Tasting a sample of this whisky is a bittersweet experience. I'm incredibly grateful to have had a chance to try it, but I'm saddened by the thought that no other whisky will evoke as many images or feelings as this one does. It also makes me wonder how much better Lagavulin 16 could be if it were bottled at a higher strength. I guess I'll never know. If you have a chance to purchase or sample Lagavulin 12 Year Old (the 2015 release), do it. You won't regret it. It's not perfect (nothing is), but it's so close that I have no choice but to award it my highest possible score.

Rating: 5/5 moustaches

May the winds of fortune sail you,
May you sail a gentle sea.
May it always be the other guy
who says, “this drink’s on me.”

Slainte !

Thursday, 22 March 2018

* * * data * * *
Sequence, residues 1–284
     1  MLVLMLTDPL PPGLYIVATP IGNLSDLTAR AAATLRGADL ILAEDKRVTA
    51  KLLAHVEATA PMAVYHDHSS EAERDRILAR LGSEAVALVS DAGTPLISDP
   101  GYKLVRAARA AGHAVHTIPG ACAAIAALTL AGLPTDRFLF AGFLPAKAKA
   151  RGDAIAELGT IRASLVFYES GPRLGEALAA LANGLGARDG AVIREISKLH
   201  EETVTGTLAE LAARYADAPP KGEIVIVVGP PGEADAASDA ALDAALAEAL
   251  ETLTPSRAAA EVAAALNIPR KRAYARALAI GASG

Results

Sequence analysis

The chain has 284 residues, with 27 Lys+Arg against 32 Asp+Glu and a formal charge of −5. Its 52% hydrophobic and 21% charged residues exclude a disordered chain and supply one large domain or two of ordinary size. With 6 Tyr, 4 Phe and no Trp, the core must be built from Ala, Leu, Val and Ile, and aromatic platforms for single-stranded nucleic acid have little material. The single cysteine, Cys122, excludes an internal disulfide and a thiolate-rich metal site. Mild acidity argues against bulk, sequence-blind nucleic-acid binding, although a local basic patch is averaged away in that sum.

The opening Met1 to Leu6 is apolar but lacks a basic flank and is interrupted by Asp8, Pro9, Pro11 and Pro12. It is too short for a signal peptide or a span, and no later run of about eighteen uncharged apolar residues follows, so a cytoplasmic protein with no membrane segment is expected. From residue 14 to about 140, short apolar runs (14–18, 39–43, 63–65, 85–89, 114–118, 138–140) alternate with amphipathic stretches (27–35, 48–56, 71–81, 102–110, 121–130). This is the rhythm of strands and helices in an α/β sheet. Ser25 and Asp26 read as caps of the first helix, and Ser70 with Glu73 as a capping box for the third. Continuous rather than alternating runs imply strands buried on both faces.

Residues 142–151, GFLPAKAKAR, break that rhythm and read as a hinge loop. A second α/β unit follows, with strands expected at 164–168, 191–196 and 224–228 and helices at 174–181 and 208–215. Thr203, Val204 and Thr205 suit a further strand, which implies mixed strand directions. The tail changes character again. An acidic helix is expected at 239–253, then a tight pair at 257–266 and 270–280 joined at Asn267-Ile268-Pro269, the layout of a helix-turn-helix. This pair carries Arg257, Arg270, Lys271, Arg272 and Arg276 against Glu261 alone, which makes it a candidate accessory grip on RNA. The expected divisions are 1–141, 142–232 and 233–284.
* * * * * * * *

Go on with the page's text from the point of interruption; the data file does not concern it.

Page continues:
A review of Jameson Black Barrel

James Joyce. Leprechauns. The Blarney Stone. Shamrocks. Guinness Stout. Conor McGregor. U2. Jameson Whiskey. All things that may come to mind when someone says Ireland. But one of these things isn't originally Irish. That's right, it's Jameson Whiskey. Heresy, you say? Hear me out. Jameson's founder was John Jameson, a Scot from Clackmannanshire. When Jameson married Margaret Haig in 1786, he moved to Dublin with his new wife to manage the Bow Street Distillery (which had been established in 1780) for Margaret's uncle. This explains the use of the year 1780 in Jameson marketing, as the Bow Street Distillery was where Jameson Irish Whiskey was born. Ok, so maybe the whiskey itself has always been Irish, but the brand's founder wasn't.Today, Jameson is far and away (see what I did there?) the best-selling Irish whiskey in the world, but it was not always so.